E. Cobham Brewer 18101897. Dictionary of Phrase and Fable. 1898.
On one occasion Bacchus, in his Indian expeditions, was encompassed with an army far superior to his own; one of his chief captains, named Pan, advised him to command all his men at the dead of night to raise a simultaneous shout. The shout was rolled from mountain to mountain by innumerable echoes, and the Indians, thinking they were surrounded on all sides, took to sudden flight. From this incident, all sudden fits of great terror have been termed panics. (See Judges vii. 1821.)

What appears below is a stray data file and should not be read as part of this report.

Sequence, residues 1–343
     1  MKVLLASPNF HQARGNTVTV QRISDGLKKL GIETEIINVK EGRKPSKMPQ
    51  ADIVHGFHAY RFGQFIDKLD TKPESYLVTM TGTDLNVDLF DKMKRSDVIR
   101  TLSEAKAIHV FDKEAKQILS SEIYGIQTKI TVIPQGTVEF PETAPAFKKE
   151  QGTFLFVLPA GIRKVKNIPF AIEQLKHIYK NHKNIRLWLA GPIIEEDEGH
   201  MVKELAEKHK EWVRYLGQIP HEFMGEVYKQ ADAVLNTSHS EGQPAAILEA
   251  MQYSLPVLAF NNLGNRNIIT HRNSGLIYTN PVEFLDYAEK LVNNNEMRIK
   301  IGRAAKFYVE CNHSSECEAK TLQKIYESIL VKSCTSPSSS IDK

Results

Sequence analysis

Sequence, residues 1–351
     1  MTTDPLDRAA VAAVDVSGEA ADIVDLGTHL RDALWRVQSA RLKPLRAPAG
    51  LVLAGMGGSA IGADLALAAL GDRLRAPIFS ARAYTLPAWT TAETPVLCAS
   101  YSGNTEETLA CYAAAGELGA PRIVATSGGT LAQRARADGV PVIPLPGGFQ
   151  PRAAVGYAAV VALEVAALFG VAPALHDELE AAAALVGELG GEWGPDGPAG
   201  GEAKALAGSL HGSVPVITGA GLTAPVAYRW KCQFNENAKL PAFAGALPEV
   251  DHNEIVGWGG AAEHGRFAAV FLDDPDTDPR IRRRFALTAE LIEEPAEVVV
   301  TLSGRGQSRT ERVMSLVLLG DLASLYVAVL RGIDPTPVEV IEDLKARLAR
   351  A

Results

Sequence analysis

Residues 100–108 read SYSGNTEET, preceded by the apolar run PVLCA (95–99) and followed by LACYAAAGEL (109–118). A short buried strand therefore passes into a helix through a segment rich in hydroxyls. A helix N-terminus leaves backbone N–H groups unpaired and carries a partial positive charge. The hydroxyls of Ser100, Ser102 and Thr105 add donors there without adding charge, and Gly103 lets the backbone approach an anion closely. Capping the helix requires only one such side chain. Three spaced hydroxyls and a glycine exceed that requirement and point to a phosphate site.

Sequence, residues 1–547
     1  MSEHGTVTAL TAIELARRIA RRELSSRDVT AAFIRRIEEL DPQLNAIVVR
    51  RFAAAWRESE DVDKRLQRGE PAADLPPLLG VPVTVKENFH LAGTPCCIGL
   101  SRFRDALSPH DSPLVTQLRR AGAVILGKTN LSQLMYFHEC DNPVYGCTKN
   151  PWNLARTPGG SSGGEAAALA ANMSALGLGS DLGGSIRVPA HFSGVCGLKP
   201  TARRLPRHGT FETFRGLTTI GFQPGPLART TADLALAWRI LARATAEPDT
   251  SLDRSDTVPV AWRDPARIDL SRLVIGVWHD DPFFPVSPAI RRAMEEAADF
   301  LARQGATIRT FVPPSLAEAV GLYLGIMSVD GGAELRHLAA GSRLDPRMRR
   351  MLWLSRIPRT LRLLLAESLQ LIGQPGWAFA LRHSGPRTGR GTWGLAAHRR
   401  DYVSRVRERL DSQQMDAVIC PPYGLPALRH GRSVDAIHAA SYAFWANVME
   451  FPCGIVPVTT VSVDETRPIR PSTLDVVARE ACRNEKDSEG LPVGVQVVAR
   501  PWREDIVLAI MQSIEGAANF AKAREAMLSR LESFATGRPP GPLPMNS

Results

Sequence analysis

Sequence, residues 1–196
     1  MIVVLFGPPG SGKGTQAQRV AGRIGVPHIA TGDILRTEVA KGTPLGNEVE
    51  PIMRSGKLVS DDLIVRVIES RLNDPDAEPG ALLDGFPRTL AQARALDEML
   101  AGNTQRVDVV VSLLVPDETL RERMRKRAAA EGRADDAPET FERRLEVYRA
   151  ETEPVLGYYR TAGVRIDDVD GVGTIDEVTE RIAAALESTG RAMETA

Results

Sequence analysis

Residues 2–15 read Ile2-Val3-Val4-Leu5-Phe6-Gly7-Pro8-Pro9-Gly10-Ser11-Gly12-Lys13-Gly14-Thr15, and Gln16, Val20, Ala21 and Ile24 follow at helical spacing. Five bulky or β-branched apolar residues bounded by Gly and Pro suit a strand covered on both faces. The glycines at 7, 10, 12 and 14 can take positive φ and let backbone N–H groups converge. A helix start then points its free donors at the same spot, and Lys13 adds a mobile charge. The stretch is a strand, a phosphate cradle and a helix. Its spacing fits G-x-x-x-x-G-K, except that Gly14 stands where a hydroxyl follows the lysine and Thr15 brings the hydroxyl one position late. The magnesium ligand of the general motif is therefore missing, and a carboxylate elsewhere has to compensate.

Theon gives another derivation, and says that the god Pan struck terror into the hearts of the giants, when they warred against heaven, by blowing into a sea-shell.